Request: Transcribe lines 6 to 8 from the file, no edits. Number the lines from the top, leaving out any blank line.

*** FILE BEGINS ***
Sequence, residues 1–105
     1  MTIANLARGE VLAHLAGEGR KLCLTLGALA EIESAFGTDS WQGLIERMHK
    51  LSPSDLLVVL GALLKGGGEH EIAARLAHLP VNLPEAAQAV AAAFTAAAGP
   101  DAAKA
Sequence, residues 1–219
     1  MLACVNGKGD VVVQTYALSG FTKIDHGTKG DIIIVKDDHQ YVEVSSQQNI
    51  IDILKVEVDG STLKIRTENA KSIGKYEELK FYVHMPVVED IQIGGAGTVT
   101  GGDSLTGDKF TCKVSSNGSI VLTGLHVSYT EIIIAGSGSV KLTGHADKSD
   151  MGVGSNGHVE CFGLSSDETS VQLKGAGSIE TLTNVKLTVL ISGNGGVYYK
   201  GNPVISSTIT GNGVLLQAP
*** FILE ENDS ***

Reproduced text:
     1  MLACVNGKGD VVVQTYALSG FTKIDHGTKG DIIIVKDDHQ YVEVSSQQNI
    51  IDILKVEVDG STLKIRTENA KSIGKYEELK FYVHMPVVED IQIGGAGTVT
   101  GGDSLTGDKF TCKVSSNGSI VLTGLHVSYT EIIIAGSGSV KLTGHADKSD